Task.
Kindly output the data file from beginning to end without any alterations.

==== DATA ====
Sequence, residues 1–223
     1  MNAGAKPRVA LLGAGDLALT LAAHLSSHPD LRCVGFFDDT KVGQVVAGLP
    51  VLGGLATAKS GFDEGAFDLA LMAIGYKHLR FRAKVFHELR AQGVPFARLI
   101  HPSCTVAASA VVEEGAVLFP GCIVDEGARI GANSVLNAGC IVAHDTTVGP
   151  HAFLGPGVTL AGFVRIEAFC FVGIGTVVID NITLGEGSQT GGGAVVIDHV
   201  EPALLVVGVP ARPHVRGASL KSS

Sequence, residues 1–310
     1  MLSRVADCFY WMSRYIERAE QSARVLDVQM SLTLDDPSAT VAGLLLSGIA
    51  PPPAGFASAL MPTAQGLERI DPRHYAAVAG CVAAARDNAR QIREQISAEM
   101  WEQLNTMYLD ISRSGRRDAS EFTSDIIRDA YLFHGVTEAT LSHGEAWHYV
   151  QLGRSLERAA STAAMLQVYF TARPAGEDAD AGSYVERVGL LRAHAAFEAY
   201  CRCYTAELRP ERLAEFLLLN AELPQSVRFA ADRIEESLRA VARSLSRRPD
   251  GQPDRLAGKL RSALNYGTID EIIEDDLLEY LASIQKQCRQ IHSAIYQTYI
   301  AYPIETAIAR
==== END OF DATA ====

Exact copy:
Sequence, residues 1–223
     1  MNAGAKPRVA LLGAGDLALT LAAHLSSHPD LRCVGFFDDT KVGQVVAGLP
    51  VLGGLATAKS GFDEGAFDLA LMAIGYKHLR FRAKVFHELR AQGVPFARLI
   101  HPSCTVAASA VVEEGAVLFP GCIVDEGARI GANSVLNAGC IVAHDTTVGP
   151  HAFLGPGVTL AGFVRIEAFC FVGIGTVVID NITLGEGSQT GGGAVVIDHV
   201  EPALLVVGVP ARPHVRGASL KSS

Sequence, residues 1–310
     1  MLSRVADCFY WMSRYIERAE QSARVLDVQM SLTLDDPSAT VAGLLLSGIA
    51  PPPAGFASAL MPTAQGLERI DPRHYAAVAG CVAAARDNAR QIREQISAEM
   101  WEQLNTMYLD ISRSGRRDAS EFTSDIIRDA YLFHGVTEAT LSHGEAWHYV
   151  QLGRSLERAA STAAMLQVYF TARPAGEDAD AGSYVERVGL LRAHAAFEAY
   201  CRCYTAELRP ERLAEFLLLN AELPQSVRFA ADRIEESLRA VARSLSRRPD
   251  GQPDRLAGKL RSALNYGTID EIIEDDLLEY LASIQKQCRQ IHSAIYQTYI
   301  AYPIETAIAR